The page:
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Adinkerke, Heldenweg

 

 

The military cemetery in Adinkerke is located at the end of the Heldenweg behind the church of Adinkerke about a quarter mile from the De Panne railway station.

 

At this military cemetery 1,651 Belgian victims of the First World War are buried. Of these, three unknown soldiers. Two tombstones don’t wear bronze nameplates and the graves are probably empty. Due to the status of protected monument, at a military cemetery in Flanders, the headstones may not be removed when a buried soldier is unearthed, for example, to be repatriated to a family grave in a municipal cemetery. Only the nameplate with the details of the soldier may, in fact, must be removed.

 

There is a double grave, and one gravestone has Hebrew writings, which is quite rare (Frank Emmanuel). Along the central aisle, at the end of the cemetery, there are 5 private tombstones. Léon de Maelcamp d'Opstaele has one private tombstone and nearby an official tombstone (with his name spelled slightly different). His remains are probably under the official headstone and the family was allowed to place an ornamental stone at the side. The total surface of ​the cemetery is 2.2 acres.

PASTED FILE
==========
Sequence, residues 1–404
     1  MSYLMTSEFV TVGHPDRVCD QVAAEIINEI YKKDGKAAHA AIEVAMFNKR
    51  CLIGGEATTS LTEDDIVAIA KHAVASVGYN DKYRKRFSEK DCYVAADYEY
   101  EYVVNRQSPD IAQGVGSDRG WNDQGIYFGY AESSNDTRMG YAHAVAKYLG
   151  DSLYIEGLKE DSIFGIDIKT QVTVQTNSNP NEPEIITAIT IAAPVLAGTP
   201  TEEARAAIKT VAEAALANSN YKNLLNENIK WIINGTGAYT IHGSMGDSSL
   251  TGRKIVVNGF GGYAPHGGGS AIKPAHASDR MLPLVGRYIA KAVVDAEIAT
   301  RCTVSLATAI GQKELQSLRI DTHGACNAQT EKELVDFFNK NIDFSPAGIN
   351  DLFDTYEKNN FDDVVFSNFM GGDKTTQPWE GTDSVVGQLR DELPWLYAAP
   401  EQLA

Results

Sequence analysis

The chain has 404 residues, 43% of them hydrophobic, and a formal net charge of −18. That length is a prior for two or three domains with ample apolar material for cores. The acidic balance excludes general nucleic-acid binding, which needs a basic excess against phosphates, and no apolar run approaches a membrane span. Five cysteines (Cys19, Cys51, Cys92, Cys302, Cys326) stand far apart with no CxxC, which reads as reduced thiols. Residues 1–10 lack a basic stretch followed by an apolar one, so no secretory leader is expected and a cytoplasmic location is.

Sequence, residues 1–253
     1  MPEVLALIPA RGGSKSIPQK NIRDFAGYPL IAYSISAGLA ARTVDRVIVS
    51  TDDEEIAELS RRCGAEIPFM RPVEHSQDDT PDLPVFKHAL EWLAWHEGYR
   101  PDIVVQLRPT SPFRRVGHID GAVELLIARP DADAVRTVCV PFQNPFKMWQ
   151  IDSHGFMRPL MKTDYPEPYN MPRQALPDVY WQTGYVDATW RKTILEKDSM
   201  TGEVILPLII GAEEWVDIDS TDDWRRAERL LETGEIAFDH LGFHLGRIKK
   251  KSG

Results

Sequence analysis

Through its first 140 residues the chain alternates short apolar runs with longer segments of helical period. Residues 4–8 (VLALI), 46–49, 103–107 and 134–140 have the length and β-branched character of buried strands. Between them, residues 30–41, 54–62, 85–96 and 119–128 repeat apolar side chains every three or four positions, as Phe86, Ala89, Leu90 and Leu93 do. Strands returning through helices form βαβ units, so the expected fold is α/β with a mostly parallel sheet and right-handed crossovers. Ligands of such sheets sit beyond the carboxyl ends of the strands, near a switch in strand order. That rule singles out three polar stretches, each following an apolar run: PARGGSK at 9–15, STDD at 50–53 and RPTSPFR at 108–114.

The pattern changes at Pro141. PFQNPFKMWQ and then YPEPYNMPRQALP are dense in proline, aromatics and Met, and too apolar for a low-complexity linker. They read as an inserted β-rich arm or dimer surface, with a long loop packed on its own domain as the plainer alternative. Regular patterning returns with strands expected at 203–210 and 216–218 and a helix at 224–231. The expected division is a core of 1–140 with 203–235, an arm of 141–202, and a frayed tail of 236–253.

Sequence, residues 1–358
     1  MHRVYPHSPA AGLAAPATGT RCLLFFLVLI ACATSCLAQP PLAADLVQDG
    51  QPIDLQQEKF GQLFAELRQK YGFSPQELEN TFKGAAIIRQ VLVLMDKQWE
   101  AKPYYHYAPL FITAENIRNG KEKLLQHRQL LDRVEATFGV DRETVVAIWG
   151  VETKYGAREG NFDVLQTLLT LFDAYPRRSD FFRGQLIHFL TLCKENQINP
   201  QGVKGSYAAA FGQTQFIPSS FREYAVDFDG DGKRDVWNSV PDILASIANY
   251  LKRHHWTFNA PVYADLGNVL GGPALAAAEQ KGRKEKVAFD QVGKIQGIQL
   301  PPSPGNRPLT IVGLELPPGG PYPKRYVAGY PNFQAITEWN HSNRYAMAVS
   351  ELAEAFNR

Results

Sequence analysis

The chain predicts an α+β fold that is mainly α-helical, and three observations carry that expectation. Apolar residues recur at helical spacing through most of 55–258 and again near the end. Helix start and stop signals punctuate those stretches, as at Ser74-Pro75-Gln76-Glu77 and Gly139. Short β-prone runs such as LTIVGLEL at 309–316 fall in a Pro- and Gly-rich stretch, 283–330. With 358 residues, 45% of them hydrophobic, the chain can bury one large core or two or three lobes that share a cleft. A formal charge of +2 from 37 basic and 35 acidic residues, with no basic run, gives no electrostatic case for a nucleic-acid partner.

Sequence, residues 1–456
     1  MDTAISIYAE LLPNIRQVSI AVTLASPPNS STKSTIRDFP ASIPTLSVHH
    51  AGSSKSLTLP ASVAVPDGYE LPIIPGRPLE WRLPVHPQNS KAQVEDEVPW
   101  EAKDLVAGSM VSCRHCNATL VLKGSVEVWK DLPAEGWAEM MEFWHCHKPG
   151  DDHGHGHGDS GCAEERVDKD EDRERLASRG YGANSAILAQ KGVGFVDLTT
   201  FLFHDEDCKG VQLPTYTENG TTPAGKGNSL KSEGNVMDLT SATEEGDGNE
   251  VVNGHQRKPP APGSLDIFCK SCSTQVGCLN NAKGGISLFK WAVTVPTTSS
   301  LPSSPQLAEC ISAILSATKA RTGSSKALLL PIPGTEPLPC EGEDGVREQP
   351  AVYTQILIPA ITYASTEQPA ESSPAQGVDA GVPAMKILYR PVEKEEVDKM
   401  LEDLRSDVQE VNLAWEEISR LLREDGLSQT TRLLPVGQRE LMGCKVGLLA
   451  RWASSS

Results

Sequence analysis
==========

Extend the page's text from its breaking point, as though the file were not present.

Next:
This cemetery was established already during the war. Many burials were of the soldiers deceased in the military hospital "L'Océan" in De Panne and the field hospital "Cabour" in Adinkerke.

The building of the road to the cemetery, the Heldenweg, in 1925 gave rise to sharp protest. Some 130 “herotributetombstones” were indeed shattered by order of the then Minister of Defence and mixed with red brick to serve as surface to the road.

 

“Herotributetombstones”, in Dutch “heldenhuldezerkjes”, are tombstones from the model hereunder to the right. They bear the initials AVV (vertically) and VVK (horizontally) meaning in Dutch “Alles Voor Vlaanderen - Vlaanderen voor Kristus” and in English, “Everything for Flanders - Flanders for Christ”. This was the political statement bij the Flemish Movement as a reaction to the unfair treatment of the Flemish soldiers by the “French only” speaking of the majority of officers and sub-officers.

 

 

 

 

 

 

A peculiar phenomenon occurs in Adinkerke and Oeren. In Adinkerke in grave 443 brigadier Mattheusen Louis of the second Artilerie regiment, born in Gierle on March 24, 1894 is buried under a standard Belgian gravestone. In Oeren we find him under a Herotributetombstones in grave 430. In Oeren Mattheusen was written with a single T.

 

 

 

                              

 

 

 

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